As an organized community of practice and accrediting body, the Teaching Family Association holds members accountable for performance standards at the highest level. The TFM is non-proprietary and therefore what is learned in one organization can be shared with others within the Association and incorporated into the standards and quality assurance processes best practices evolve.

In the United States, under a new child welfare law called the Family First Prevention Services Act, service providers are now required to be accredited. Accrediting bodies approved by the United States Federal Children’s Bureau include The Joint Commission, Council on Accreditation (COA), CARF International, EAGLE, and the Teaching Family Association (TFA). Providers in the United States can choose which accrediting body best meets their needs. TFA, like CARF International, accredits programs across the world and is well-respected. TFA is the only accrediting body that supports implementation of, and fidelity to, a specific model used to provide high-quality services to a variety of populations and in a variety of settings.

The Teaching Family Model and Closer to Home

CTH has been an Accredited Teaching Family Model Sponsor Site since 1999. As a Sponsor Site, Closer to Home is currently providing services to organizations in Alaska and Missouri, USA. As a qualified Sponsor Agency with the Teaching Family Association, CTH has supported several child-serving agencies to accreditation status with Teaching-Family Association (TFA).

Evidence-Based Model of Care

Since 2007, Closer to Home Community Services has been actively involved in the dissemination of the Teaching-Family Model with several child and family serving organizations in the United States and New Zealand. To date, CTH has provided purveyor services to a multi-model agency in New Zealand, a large school-based/day treatment agency in Cincinnati, Ohio as well as with two agencies working with dependent adults in both Nashville and Memphis, Tennessee. All four organizations achieved International TFA accreditation status.

The TFM is backed by rigorous research. Recent findings by Dr. Elizabeth M.Z. Farmer Ph.D. (Associate Dean for Research, Virginia Commonwealth University) from a longitudinal quasi-experimental study demonstrates improved outcomes and overall effectiveness in TFM programs. Examples of her findings include:

  • Improvement of Psychiatric Symptoms with significantly better SDQ (Strengths and Difficulties Questionnaire) scores post-discharge (Farmer et al., 2016).
  • Decrease in Negative Post-Discharge Outcomes with clients five-times less likely to be readmitted to residential care and three times less likely to drop-out of school (Trout et al., 2013).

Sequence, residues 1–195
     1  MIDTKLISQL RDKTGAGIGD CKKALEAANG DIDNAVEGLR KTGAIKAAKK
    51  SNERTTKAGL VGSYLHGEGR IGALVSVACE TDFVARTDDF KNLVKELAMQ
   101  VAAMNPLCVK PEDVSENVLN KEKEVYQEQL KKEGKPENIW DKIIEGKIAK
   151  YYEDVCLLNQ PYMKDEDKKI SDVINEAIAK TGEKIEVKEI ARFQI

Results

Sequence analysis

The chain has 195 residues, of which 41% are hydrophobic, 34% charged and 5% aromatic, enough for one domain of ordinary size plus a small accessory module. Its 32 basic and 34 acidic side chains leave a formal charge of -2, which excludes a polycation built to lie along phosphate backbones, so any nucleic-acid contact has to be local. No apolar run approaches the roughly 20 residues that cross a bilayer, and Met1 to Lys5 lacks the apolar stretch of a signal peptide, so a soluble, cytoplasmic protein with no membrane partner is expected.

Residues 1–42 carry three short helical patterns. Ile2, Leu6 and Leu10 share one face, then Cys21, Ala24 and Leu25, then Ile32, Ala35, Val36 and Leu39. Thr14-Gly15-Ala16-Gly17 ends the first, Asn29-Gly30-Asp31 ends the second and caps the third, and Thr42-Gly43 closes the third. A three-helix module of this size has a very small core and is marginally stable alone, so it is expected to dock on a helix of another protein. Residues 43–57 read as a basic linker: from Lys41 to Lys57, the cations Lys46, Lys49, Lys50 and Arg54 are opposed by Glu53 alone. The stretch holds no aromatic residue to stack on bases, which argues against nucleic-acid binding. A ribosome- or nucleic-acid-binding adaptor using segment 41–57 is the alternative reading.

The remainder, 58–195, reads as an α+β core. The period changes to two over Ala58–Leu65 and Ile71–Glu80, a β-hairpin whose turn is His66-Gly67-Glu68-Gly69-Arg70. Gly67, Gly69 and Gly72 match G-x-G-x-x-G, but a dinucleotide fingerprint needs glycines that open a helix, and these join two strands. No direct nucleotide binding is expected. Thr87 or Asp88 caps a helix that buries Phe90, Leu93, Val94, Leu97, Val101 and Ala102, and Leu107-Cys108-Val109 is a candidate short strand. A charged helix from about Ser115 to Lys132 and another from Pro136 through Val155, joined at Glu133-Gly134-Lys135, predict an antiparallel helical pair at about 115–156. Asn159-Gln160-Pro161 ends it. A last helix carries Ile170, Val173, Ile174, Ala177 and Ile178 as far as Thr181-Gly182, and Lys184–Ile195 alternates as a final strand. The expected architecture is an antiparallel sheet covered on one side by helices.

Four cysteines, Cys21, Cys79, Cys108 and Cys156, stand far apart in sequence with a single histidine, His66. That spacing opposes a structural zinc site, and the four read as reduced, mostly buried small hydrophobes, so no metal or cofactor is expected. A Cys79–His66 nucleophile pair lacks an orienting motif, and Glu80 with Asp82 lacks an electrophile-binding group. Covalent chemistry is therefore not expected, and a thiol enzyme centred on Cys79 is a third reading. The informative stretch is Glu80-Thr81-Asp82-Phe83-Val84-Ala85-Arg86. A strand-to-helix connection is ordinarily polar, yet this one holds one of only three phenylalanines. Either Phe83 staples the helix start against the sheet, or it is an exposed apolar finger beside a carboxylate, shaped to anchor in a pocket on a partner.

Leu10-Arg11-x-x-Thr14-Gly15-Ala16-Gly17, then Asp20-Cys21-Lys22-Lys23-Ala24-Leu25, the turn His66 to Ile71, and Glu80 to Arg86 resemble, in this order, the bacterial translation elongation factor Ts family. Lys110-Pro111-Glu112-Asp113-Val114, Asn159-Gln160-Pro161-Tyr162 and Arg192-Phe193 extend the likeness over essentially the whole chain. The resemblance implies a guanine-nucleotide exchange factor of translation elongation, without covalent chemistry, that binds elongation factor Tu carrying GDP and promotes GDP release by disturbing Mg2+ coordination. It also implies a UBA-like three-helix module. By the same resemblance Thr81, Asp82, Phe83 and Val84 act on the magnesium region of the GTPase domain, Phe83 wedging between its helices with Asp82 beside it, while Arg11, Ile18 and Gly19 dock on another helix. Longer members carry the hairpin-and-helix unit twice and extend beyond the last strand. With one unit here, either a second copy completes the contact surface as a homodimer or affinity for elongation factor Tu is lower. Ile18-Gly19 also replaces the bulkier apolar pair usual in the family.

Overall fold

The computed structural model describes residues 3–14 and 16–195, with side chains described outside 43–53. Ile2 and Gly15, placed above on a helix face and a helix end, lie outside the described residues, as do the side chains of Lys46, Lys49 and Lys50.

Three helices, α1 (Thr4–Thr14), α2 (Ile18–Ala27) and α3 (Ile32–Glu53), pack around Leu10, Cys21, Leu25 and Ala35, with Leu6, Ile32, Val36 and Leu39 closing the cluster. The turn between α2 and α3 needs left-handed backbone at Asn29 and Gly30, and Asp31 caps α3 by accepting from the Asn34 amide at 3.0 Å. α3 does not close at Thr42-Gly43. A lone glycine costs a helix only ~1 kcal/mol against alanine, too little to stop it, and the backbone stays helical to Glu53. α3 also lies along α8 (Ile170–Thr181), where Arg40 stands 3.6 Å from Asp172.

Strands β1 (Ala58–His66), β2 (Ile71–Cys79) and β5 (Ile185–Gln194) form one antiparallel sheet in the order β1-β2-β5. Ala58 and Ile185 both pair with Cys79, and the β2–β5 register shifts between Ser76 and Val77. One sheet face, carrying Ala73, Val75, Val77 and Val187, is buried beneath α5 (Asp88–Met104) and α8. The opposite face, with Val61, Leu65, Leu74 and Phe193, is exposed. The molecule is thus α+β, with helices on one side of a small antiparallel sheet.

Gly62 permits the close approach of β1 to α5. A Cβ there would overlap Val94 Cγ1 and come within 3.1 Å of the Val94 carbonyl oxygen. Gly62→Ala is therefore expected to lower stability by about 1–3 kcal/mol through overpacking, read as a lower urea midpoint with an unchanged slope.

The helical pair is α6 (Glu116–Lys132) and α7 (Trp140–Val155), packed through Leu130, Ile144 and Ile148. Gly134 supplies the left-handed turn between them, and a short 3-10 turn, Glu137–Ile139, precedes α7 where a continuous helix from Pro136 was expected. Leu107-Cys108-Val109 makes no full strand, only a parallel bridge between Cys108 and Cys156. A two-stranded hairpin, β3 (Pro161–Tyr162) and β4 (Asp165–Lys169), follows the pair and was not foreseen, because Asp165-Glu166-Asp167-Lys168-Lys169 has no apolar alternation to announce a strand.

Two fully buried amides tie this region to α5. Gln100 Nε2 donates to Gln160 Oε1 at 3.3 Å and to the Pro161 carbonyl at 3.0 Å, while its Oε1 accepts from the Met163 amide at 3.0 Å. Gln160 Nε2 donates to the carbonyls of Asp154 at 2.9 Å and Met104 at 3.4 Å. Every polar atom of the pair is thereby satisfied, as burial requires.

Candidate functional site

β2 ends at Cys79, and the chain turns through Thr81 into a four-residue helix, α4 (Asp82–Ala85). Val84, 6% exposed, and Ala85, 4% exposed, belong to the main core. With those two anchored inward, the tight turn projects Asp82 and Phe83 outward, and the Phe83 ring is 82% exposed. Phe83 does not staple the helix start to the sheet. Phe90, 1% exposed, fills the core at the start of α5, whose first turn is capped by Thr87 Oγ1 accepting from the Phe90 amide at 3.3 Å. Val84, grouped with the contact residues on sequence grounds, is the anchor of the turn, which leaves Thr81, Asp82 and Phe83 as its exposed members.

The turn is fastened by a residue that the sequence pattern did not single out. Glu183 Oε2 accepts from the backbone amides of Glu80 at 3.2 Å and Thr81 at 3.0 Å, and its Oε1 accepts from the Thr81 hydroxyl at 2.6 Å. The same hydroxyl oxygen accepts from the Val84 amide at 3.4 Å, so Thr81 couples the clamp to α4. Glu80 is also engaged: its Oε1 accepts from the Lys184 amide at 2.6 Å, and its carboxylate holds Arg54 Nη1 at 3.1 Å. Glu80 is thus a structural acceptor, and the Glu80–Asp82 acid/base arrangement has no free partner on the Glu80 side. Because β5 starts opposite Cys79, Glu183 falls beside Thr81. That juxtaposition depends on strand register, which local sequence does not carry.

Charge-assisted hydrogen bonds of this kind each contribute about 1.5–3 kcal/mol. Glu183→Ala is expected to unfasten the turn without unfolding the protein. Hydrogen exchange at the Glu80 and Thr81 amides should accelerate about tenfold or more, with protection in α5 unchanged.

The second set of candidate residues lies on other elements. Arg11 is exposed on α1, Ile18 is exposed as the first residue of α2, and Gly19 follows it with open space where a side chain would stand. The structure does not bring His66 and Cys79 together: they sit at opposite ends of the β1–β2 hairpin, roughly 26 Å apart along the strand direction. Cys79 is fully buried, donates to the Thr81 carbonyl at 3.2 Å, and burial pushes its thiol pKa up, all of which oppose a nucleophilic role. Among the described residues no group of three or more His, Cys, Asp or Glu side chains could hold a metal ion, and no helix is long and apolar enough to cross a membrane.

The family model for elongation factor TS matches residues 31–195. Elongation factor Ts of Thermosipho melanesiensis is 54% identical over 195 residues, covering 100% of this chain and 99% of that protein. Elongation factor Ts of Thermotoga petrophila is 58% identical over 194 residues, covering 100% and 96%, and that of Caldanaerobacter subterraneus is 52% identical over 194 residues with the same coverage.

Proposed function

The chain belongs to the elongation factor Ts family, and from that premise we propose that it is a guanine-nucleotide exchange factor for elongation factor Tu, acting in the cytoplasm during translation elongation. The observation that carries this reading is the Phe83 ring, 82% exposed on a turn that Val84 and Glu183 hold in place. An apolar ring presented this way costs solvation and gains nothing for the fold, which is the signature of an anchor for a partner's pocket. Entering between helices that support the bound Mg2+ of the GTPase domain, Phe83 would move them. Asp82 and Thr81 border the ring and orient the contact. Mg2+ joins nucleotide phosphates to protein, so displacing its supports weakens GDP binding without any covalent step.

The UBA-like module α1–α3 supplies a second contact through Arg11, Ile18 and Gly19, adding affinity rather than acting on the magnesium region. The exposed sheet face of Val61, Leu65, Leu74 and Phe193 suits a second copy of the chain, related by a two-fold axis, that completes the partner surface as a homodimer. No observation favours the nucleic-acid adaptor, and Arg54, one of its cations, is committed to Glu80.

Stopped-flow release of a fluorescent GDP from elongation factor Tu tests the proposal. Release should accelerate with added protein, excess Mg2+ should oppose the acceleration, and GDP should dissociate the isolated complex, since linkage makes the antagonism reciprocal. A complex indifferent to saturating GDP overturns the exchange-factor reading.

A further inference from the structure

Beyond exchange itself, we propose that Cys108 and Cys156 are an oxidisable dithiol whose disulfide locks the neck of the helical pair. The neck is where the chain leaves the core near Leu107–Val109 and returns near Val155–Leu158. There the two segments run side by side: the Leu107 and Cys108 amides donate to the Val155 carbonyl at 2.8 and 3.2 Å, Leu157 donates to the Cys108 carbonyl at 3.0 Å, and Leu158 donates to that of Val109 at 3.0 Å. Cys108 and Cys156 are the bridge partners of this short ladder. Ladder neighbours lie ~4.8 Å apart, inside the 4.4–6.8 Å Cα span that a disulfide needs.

• Adult Rate of Interpersonal Violence for youth who had experienced significant childhood trauma up to 16 years post TFM is on par with the general population (normative) breaking the intergenerational cycle of violence (Huefner, et al., 2007).
  • Positive Impact on School Performance as evidenced by improved grades – in most cases by a full grade point average, higher rate of school graduation, and increased likelihood to access secondary education (Thompson et al., 1996).

The publication of these results, from the USA National Institute of Mental Health-funded research study (NIMH), prompted the Substance Abuse and Mental Health Services Administration’s (SAMHSA) and the National Registry of Evidence-based Programs and Practices (NREPP) to include the Teaching Family Model of care in their registry.

As of December 5, 2016, NREPP, a highly selective registry of evidence-based practices in mental health services, officially recognizes the Teaching Family Model as a promising evidence-based practice for the treatment of “Non-specific Mental Health Disorders and Symptoms.”  The study published in the Journal of Emotional and Behavioural Disorders found the Teaching Family Model to “produce significantly better outcomes” for youth post-discharge. “Short-term gains are relatively common, but for developing youth, shifts in long-term trajectories form the springboard for improved development, socialization, functioning and flourishing,” write the study authors.

The Teaching Family Model has been recognized as a promising evidence-based practice since 2008 by the California Evidence-Based Clearinghouse for Child Welfare (CEBC), a similar and often cited registry of evidence-based programs. The American Psychological Association has also recognized the Model as an evidence-based practice since 2003, prior to the creation of NREPP or CEBC and the American Psychological Association’s profile of the Teaching-Family Model suggests that the Model has “given hope” that clients “with even the most difficult problems or behaviours can improve the quality of their lives and make contributions to society.”